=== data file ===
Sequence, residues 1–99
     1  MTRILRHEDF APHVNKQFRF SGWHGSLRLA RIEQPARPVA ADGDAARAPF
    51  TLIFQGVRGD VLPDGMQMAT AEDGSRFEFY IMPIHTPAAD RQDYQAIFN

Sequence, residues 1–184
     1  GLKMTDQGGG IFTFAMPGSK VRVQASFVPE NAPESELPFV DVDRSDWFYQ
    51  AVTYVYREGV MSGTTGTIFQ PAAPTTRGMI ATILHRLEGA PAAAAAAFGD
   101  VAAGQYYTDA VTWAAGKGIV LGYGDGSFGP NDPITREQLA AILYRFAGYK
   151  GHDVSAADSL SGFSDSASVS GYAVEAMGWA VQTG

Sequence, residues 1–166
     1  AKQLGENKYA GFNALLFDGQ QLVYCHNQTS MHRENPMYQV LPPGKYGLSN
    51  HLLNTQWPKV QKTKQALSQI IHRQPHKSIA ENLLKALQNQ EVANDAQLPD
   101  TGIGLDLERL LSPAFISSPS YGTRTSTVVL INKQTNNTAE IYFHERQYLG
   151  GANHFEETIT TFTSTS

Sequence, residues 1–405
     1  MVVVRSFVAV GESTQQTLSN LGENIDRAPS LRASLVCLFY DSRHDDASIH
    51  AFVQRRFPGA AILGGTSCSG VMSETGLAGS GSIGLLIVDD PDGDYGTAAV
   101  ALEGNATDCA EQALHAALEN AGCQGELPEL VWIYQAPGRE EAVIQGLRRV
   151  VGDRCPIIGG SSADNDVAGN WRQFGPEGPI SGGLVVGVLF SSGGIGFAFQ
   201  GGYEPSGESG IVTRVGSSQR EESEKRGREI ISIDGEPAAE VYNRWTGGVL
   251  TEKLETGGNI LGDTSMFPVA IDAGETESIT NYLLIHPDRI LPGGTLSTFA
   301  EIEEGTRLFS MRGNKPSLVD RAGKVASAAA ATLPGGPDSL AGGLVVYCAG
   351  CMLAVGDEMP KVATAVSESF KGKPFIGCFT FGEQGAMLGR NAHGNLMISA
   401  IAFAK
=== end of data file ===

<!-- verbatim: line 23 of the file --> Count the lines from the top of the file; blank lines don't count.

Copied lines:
   401  IAFAK